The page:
It’s not because she necessarily wants to call it a night at 8:30 on a Tuesday, but because she knows if she gets out of bed now, she’ll just have to urinate another 50 times.

I turn out the light, slip from the bed and through the bedroom door. As I pull it closed behind me, I whisper to my wife, “I love you. I can’t wait to meet our little girl.”

I don’t catch her reply. I imagine it’s something about teamwork.

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The most Herculean of all tasks

One day long, long again in ancient Greece, Zeus dropped by to visit his son, Heracles. He took the form of a bear or a wombat or a rock or something. Mythologists aren’t quite certain. It was probably a bird, though, so let’s just go with a goose.

“You do far too much sitting around,” honked the Zeus goose. “You need something to do.”

Heracles, a sassy teen at the time, answered with a sigh.

“I’ve got stuff to do,” he said, thumbing down through his Twitter feed on his phone.

“Not enough, apparently.”

“How would you even know. You’re, like, barely even here.”

That really ruffled Zeus’ feathers. Literally, in this case.

“Now see here,” he said, taking a second to preen his feathers before continuing. “Whether you like it or not, I am your father. And when I speak, you will listen.”

Heracles sighed again and looked up from his phone.

“I have created for you thirteen tasks,” Zeus said. He motioned with his wing, and a series of scrolls, each rolled and sealed with a dab of wax, appeared before Heracles. “Each scroll contains one objective you must complete. When you have done so for all of them, you will have become a man in my eyes and may join me in the pantheon of gods.”

The young man scoffed.

“Really, Dad? Scrolls? Can’t you just DM me the list?”

“I don’t even know what that means.”

“You wouldn’t,” Heracles said and returned to his phone.

Mythologists say a lengthy argument continued from here. In the end, this battle of stubborn insistence versus stubborn indifference ended with Heracles reluctantly agreeing to complete the tasks, but only if Zeus promised to delay his curfew to 1 a.m. on weekends and stop randomly checking his Internet browser history.

So, one by one, Heracles tackled the 13 tasks, each more annoying than the last. He had to kill the Nemean Lion, Stymphalian Birds and the hyrda; he had to shovel mountains of dung from Augeas’ nasty stables; and he had to fetch Cerberus back from Uncle Hades, who stole the multi-headed pooch when he and Zeus were heavily embroiled in some kind of disagreement over property.

One after the other, Heracles begrudgingly completed his tasks, only breaking to periodically share his misery with his Instagram followers.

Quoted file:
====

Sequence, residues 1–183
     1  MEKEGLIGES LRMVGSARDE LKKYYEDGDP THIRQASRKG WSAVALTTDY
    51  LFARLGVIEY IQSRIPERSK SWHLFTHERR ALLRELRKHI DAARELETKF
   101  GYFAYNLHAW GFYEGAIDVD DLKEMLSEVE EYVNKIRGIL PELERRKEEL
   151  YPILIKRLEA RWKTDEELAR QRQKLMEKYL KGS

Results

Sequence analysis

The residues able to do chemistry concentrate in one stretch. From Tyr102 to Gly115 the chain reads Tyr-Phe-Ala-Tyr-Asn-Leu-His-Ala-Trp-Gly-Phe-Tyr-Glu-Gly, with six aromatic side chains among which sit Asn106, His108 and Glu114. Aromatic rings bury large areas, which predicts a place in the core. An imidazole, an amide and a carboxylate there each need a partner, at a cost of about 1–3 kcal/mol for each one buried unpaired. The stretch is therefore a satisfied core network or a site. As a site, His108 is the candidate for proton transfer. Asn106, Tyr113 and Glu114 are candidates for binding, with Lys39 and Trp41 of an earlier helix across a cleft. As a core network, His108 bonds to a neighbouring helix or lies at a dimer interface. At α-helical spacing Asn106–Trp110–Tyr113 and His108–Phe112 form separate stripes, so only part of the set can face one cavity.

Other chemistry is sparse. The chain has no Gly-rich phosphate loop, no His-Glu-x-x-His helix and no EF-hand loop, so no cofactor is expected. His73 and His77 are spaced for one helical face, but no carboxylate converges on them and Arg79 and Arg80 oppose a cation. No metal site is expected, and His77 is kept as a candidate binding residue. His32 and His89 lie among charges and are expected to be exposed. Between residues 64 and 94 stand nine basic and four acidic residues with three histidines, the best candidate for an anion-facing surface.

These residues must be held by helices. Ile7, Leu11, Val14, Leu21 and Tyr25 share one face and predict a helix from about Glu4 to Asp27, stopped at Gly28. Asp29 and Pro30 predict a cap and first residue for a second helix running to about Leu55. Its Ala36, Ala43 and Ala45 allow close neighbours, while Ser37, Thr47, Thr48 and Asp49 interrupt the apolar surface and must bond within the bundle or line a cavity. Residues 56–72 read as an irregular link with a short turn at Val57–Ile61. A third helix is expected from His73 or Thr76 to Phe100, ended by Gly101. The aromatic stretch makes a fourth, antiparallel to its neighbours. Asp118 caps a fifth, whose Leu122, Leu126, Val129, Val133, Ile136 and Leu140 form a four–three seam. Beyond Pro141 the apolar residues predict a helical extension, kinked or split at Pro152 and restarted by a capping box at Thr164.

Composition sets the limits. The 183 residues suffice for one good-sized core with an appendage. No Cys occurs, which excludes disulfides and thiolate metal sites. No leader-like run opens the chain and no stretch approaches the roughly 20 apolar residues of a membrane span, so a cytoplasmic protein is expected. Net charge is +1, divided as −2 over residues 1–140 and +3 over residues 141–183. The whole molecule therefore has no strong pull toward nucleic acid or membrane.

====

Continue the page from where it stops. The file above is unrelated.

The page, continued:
But then he hit No. 13. He unrolled the parchment and read it with disdain.

“Choose an appropriate name for your unborn daughter,” he read. “Ugh.”

Now, Heracles had never even considered having kids, let alone naming one. He first consulted several popular baby-naming sites, but couldn’t find a combination of first and middle names that sounded satisfactory to his ears. For days, he marched around Greece mumbling names to himself. None felt comfortable.

Heracles turned to the gods to aid in his quest, but found their opinions of what constituted a respectable name for a child to be far too varied. All of Apollo’s suggestions seemed pretentious, and Ares’ were all too blunt. Aphrodite’s were a little too … how to put this delicately … risque for Heracles’ liking, and all Hermes offered were ridiculous gag names like Apple Blythe or Pilot Inspector or Blanket. Those who didn’t offer their own awful suggestions turned their noses up at the ones Heracles had been considering. Although he possessed strength to capture the Erymanthian Boar and wits enough to remove the Amazon queen Hippolyta’s girdle, Heracles was incapable of counting the number of times someone answered his suggestions with, “You don’t want to name a child that.”

Heracles was stuck. After whipping through the first twelve tasks like Cetus through a Trireme, it seemed the last would best him. He returned to his father humbled and ashamed.

Zeus, lounging around Mount Olympus in the form of a giraffe, nodded his long neck knowingly.

“I figured that last one might trip you up, son,” he said. “Names can be tough.”

“So what do you suggest?” Heracles asked his father.

Zeus shrugged.

“I don’t,” he said. “I think you just have to go with your heart, regardless of what others think. Besides, in the end, it doesn’t even matter. Regardless of her name, people are going to call the kid whatever the heck they want.”

“Is that why everybody calls me Hercules, Dad?”

Zeus flashed two rows of gigantic teeth and patted his son on the shoulder with his hoof.

“No, son. That’s just ignorance.”

For the first time in forever, father and son laughed together.